In April the fleet set sail again, but the ravages of the pestilence forced Drake to abandon plans to attack Cuba. In early June he landed in Florida, where his men looted the Spanish settlement of St. Augustine. Having rested and taken on supplies, the fleet swept northward to the English colony of Roanoke Island (in today’s North Carolina, United States).
When Drake arrived, he learned that the Roanoke colonists wanted to abandon the struggling settlement to return to England. The colonists accompanied Drake’s fleet on its return leg across the Atlantic, bringing with them “[t]hat Indian plant,”a chronicler wrote, “which they call Tabacca and Nicotia.” Some historians believe Drake took the enslaved people from Cartagena to Roanoke Island, but it is not known if they stayed there or were taken to England. What befell them has never been established.
Drake’s missions had proven both that Spain’s colonies were poorly defended and that England could significantly damage its enemy’s imperial prestige through small targeted attacks. Even though the great expedition turned out to be a financial flop, netting a fraction of what its investors hoped for, Drake’s star continued to rise, especially in the context of England’s defeat of the Spanish Armada.
Spain was set on invading England with its impressive naval forces (about 130 ships), but in 1587 Drake had staged a daring raid—“singeing the King of Spain’s beard,” as he described it—on the Spanish port of Cádiz. Drake’s forces destroyed Spanish ships and supplies, delaying Philip II’s assault against Elizabeth I until 1588. When the Spanish Armada eventually sailed north, it was defeated by a combination of the English navy and poor weather.
Drake served as a vice admiral in the effort to defeat the Spanish and earned the love of his country for it. For generations, a story circulated that Drake was playing bowls at Plymouth when news of the Armada’s sighting reached him; unperturbed, he declared there was still time to win the game and then beat the Spaniards. This tale helped forge a popular belief that Drake’s cool confidence helped secure the English victory.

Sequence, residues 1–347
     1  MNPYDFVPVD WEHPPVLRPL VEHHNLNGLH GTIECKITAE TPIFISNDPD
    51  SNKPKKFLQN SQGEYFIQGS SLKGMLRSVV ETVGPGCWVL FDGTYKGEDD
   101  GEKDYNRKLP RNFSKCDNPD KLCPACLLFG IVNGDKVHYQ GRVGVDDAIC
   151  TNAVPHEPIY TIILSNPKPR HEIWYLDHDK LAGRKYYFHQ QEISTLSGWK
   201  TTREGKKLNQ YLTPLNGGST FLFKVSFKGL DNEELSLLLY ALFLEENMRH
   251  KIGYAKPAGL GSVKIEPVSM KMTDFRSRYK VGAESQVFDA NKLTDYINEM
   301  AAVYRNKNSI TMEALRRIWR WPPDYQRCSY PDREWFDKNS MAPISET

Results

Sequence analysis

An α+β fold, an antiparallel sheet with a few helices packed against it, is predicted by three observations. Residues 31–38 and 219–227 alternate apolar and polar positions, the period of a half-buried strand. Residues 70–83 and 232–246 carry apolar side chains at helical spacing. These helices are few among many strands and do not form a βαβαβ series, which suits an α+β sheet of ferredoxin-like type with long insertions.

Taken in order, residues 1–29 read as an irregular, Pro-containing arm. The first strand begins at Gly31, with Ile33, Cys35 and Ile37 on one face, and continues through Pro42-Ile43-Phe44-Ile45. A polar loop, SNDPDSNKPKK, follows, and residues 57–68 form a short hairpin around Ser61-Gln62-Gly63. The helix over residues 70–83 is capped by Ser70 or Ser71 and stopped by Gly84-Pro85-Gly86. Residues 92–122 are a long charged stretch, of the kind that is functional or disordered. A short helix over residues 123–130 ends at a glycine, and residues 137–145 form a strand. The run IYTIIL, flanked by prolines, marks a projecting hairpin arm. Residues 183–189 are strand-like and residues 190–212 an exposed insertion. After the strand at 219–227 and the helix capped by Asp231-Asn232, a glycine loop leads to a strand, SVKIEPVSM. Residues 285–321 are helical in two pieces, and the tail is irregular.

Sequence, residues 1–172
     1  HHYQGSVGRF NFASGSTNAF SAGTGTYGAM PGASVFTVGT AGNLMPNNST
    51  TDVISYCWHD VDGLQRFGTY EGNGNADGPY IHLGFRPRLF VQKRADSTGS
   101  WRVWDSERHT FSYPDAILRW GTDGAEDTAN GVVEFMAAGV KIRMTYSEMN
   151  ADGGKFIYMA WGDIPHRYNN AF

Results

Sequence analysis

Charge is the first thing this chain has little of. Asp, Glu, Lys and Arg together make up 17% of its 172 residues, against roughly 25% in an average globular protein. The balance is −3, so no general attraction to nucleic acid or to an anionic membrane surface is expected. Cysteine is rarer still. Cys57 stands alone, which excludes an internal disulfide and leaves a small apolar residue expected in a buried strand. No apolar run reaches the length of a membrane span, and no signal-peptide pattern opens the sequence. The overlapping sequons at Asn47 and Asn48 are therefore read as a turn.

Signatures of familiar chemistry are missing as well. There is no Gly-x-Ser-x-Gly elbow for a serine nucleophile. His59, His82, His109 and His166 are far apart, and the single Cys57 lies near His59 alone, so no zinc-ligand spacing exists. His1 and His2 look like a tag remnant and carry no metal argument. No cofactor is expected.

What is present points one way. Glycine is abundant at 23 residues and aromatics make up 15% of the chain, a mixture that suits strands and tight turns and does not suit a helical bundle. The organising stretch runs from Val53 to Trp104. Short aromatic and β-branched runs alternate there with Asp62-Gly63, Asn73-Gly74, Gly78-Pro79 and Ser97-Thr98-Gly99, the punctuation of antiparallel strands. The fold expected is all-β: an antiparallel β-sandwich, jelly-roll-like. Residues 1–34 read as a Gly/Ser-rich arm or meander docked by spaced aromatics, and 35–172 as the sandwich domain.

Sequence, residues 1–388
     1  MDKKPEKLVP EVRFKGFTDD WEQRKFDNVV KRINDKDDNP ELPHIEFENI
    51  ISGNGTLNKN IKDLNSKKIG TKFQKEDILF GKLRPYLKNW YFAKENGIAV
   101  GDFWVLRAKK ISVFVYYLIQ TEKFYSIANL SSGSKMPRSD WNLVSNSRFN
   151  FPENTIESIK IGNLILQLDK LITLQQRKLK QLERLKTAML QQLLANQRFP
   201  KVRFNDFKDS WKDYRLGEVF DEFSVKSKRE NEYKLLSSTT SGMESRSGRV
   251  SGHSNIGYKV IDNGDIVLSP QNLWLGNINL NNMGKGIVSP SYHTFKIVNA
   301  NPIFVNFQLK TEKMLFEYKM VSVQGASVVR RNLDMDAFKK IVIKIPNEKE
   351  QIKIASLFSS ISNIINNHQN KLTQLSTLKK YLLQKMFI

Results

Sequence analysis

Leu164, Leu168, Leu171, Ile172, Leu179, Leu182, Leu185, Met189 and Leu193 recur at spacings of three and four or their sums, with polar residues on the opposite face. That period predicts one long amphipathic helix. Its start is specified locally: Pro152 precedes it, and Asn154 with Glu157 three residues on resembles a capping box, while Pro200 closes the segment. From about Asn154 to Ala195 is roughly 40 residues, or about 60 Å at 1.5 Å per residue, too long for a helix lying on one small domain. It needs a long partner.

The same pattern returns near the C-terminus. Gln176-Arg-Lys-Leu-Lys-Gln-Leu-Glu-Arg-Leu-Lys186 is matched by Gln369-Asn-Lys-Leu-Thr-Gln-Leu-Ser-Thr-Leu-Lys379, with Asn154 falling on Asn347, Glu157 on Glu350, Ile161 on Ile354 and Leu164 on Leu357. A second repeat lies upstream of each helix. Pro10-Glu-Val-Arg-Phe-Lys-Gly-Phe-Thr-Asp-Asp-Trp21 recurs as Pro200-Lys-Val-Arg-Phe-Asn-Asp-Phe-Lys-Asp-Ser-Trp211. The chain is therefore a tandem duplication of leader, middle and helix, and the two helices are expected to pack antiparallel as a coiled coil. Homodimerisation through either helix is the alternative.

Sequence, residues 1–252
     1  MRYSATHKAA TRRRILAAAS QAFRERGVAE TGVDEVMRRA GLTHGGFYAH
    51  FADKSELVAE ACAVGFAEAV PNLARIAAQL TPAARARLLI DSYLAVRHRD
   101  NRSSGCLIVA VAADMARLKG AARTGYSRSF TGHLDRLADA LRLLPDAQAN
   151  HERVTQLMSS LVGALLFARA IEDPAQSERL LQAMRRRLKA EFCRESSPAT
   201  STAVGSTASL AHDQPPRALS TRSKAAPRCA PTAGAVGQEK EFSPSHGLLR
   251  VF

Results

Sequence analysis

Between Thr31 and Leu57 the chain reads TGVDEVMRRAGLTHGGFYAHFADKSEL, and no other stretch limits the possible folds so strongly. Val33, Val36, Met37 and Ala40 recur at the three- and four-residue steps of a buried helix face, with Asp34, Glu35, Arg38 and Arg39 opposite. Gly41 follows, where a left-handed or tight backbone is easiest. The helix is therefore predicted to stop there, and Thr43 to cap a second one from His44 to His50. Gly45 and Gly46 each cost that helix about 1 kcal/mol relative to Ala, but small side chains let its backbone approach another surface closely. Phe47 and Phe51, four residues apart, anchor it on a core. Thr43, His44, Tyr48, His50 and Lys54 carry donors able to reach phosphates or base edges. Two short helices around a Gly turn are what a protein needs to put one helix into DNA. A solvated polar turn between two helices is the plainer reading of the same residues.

The myth of Drake
Drake’s last years were not glorious ones. Rather than retire to Plymouth, he returned to his life at sea. In 1589 his punitive raids into Spain caused great loss of life on both sides. Several years later in August 1595, he crossed the Atlantic with John Hawkins in a bid to rescue Hawkins’s kidnapped son and harass the Spanish. Their efforts were unsuccessful, and Hawkins died in November 1595. Drake pressed on but was turned back by Spanish forces in Panama. In January 1596, at age 55, he died of dysentery aboard his ship. Dressed in a full suit of armor, he was enclosed in a lead coffin and buried at sea off the coast of Panama.
After his death, romantic myths arose around Drake’s legacy in English culture. His baser material motives were overlooked in order to forge a dashing, unflappable hero. In Spanish history, meanwhile, Drake provided ample material for the portrayal of a villain. Lope de Vega’s poem La Dragontea (1598) presents a vivid demonization of the English sailor, whereas Juan de Castellanos’s El Discurso del Capitán Francisco Draque slyly compliments the pirate’s skills and uses his devastating attacks on Caribbean ports to criticize Spain’s King Philip II. Long after British and Spanish imperial fortunes waned, Drake’s figure serves as a lightning rod for the intense debate over the ethical dimensions of colonialism and the transatlantic slave trade.
Julius Purcell is deputy editor of National Geographic History.